36. 36. Ueguchi-Tanaka M, Ashikari M, Nalajima M, Itoh H, Katoh E, et al. (2005) GIBBERELLIN INSENSITIVE DWARF1 encodes a soluble encodes a soluble receptor for gibberellin. Nature 437: 693–698.
  37. 37. Lee MH, Kim B, Song SK, Heo JO, Yu NI, et al. (2008) Large-scale analysis of the GRAS gene family in Arabidopsis thaliana. Plant Mol Biol 67: 659–670.
  38. 38. Yu H, Ito T, Zhao Y, Peng J, Kumar P, et al. (2004) Floral homeotic genes are targets of gibberellin signaling in flower development. PNAS 101: 7827–7832.
  39. 39. Shimada A, Ueguchi-Tanaka M, Nakatsu T, Nakajima M, Naoe Y, et al. (2008) Structural basis for gibberellin recognition by its receptor GID1. Nature 456: 520–523.
  40. 40. Hirano K, Asano K, Tsuji H, Kawamura M, Mori H, et al. (2010) Characterization of the molecular mechanism underlying gibberellin perception complex formation in rice. Plant Cell 22: 2680–2696.
  41. 41. Ueguchi-Tanaka M, Nakajima M, Katoh E, Ohmiya H, Asamo K, et al. (2007) Molecular interactions of a soluble gibberellin receptor GID1,with a rice DELLA protein,SLR1,and gibberellin. The Plant Cell 19: 2140–2155.
  42. 42. Cao D, Cheng H, WU W, Soo HM, Peng J (2006) Gibberellin mobilizes distinct DELLA-dependent transcriptomes to regulate seed germination and floral development in arabidopsis. Plant physiology 142: 509–525.
  43. 43. Gubler F, Chandler PM, White RG, Llewellyn DJ, Jacobsen JV (2002) Gibberellin signalling in barley aleurone cells. Contro of SLR1 and GAMYB expression. Plant Physiol 129: 191–200.
  44. 44. de Lucas M, Daviere JM, Rodriguez-Falcon M, Pontin M, Iglesias-Pedraz JM, et al. (2008) A molecular framework for light and gibberellin control of cell elongation. Nature 451: 480–484.
  45. 45. Stephenson PG, Fankhauser C, Terru MJ (2009) PIF3 is a repressor of chloroplast development. PNAS 106: 7654–7659.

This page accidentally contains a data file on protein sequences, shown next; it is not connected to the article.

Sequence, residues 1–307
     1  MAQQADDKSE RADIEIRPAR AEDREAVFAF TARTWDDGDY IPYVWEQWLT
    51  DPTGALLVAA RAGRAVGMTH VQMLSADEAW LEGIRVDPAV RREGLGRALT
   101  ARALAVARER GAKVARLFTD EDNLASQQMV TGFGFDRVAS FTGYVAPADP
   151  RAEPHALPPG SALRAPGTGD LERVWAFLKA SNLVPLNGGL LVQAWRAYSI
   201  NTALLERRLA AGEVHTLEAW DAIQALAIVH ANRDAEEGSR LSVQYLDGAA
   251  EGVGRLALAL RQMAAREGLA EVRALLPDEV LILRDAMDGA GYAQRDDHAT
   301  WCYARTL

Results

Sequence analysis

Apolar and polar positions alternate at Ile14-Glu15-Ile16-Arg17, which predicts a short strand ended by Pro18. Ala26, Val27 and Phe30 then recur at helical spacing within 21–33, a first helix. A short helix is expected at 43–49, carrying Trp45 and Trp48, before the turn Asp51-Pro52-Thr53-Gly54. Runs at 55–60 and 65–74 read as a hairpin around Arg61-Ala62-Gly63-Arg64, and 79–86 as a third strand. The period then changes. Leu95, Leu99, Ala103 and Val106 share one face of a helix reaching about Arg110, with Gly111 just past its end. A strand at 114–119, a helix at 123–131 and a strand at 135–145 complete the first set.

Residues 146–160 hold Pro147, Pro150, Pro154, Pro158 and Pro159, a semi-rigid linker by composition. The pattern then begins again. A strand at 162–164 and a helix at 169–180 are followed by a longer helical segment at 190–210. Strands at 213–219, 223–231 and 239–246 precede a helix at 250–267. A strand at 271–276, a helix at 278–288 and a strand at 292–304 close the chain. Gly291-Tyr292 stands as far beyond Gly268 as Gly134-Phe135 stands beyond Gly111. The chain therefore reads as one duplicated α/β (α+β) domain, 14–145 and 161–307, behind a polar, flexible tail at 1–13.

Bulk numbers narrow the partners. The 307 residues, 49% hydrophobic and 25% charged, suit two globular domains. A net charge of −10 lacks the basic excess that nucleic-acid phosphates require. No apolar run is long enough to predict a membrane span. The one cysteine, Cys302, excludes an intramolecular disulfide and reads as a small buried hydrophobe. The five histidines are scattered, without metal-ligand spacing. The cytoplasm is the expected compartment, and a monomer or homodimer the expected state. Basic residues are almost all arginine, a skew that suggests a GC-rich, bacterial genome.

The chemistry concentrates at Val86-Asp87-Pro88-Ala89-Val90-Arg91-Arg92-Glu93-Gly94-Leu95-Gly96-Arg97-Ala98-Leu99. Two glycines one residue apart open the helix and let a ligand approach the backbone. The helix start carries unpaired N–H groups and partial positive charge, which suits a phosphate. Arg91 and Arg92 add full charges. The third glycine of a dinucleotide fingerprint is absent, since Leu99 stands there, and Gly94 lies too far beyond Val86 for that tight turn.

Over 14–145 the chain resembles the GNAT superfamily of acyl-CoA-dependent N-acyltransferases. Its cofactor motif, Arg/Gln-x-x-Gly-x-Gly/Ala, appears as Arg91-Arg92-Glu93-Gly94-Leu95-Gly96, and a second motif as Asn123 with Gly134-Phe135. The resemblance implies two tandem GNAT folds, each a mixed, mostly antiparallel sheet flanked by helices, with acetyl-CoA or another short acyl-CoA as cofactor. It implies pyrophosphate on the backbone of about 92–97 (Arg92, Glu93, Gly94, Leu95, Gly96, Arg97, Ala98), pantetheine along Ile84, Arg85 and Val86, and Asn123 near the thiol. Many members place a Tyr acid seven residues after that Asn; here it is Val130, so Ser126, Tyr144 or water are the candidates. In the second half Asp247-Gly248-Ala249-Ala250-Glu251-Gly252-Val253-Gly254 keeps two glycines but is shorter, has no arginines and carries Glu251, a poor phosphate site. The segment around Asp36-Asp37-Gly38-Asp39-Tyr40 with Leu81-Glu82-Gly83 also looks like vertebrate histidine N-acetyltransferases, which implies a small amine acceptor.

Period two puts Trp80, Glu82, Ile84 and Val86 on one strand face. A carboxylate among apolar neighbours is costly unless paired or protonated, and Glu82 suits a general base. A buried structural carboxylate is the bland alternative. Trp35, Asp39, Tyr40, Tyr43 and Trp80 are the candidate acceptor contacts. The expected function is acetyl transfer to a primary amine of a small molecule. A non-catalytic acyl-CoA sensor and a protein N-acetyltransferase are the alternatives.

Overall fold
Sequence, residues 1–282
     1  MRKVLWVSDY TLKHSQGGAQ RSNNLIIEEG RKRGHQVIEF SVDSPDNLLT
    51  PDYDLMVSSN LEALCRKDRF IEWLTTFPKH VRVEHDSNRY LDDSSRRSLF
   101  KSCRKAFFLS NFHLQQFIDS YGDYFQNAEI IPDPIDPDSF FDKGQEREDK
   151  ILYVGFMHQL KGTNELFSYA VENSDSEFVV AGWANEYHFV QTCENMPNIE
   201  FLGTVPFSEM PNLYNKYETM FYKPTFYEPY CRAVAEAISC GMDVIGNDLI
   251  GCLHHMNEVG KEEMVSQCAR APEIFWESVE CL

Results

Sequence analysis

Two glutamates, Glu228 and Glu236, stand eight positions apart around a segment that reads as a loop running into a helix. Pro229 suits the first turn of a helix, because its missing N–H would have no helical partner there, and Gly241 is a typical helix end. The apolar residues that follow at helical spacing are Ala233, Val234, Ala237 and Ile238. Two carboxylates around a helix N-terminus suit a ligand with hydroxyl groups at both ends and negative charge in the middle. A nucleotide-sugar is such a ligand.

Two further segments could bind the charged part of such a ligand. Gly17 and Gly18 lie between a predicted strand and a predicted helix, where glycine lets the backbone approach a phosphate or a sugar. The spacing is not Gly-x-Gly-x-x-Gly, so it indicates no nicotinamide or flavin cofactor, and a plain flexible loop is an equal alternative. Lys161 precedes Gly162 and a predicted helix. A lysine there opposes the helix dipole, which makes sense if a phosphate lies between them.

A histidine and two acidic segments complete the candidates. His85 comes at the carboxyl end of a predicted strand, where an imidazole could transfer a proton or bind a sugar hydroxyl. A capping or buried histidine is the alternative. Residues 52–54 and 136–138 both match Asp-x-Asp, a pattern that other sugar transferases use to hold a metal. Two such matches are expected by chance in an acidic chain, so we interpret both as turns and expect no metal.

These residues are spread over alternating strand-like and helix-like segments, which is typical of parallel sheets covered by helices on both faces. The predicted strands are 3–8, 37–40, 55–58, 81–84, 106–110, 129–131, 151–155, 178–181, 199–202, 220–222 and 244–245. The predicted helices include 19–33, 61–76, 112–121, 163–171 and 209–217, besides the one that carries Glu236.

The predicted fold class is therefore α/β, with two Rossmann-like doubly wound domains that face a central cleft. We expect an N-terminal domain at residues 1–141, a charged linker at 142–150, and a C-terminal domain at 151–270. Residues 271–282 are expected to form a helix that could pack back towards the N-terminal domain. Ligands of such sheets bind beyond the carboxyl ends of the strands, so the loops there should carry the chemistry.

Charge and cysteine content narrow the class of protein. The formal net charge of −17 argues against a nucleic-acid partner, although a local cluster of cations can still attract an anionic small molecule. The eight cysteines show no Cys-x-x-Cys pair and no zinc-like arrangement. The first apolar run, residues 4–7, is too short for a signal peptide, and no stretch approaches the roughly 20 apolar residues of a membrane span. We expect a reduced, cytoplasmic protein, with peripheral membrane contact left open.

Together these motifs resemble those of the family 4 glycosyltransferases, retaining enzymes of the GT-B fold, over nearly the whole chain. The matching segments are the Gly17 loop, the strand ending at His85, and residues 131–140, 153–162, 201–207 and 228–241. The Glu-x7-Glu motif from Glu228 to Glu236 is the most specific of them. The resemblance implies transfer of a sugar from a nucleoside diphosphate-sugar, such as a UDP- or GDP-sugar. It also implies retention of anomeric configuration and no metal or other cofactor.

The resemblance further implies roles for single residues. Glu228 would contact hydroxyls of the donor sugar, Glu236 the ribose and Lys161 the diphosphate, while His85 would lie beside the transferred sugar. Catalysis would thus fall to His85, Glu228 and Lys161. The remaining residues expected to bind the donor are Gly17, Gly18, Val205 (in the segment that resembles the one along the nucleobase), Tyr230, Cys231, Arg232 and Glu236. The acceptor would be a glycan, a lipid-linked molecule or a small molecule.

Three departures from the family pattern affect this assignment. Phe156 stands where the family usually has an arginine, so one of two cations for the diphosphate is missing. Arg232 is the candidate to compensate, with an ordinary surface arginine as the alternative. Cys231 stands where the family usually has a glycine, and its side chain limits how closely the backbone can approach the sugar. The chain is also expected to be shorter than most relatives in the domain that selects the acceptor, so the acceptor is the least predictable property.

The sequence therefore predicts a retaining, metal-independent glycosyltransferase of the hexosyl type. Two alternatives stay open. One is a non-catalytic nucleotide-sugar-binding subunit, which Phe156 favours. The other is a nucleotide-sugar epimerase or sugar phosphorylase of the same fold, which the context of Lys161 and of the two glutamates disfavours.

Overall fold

46. 46. Feng S, Martinez C, Gusmaroli G, Wang Y, Zhou J, et al. (2008) Coordinated regulation of Arabidopsis thaliana development by light and gibberellins. Nature 451: 475–479.
  47. 47. Oh E, Yamaguchi S, Hu J, Yusuke J, Jung B, et al. (2007) PIL5, a phytochrome-interacting bHLH protein, regulates gibberellin responsiveness by binding directly to the GAI and RGA promoters in Arabidopsis seeds. Plant Cell 19: 1192–1208.
  48. 48. Ko JH, Yang SH, Han KH (2006) Upregulation of an Arabidopsis RING-H2 gene, XERICO, confers drought tolerance through increased abscisic acid biosynthesis. Plant J 47: 343–355.
  49. 49. Nomura T, Kushiro T, Yokota T, Kamiya Y, Bishop GJ, et al. (2005) The last reaction producing brassinolide is catalyzed by cytochrome P-450s, CYP85A3 in tomato and CYP85A2 in Arabidopsis. J Biol Chem 280: 17873–17879.
  50. 50. Dewitte W, Scofield S, Alcasabas AA, Maughan SC, Menges M, et al. (2007) Arabidopsis CYCD3 D-type cyclins link cell proliferation and endocycles and are rate-limiting for cytokinin response. PNAS 104: 14537–14542.
  51. 51. Achard P, Gusti A, Cheminaut S, Alinoua M, Dhondt S, et al. (2009) Gibberellin Signaling Controls Cell Proliferation Rate in Arabidopsis. Current biology 19: 1188–1193.
  52. 52. Meng X, Wang X (2004) Regulation of flower development and anthocyanin accumulation in Gerbera hybrida. Journal of Horticutural Science & Biotechnology 79: 131–137.
  53. 53. Helariutta Y, Elomaa P, Kotilanen M, Seppänen P, Teeri TH (1993) Cloning of cDNA coding for dihydroflavonol-4-reductase (DFR) and characterization of dfr expression in the corollas of Gerbera hybrida var. Regina(Compositae). Plant Molecular Biology 22: 183–193.
  54. 54. Iseli C, Jongeneel CV, Bucher P (1999) ESTScan: a program for detecting, evaluating, and reconstructing potential coding regions in EST sequences. Proc Int Conf Intell Syst Mol Biol: 138–148.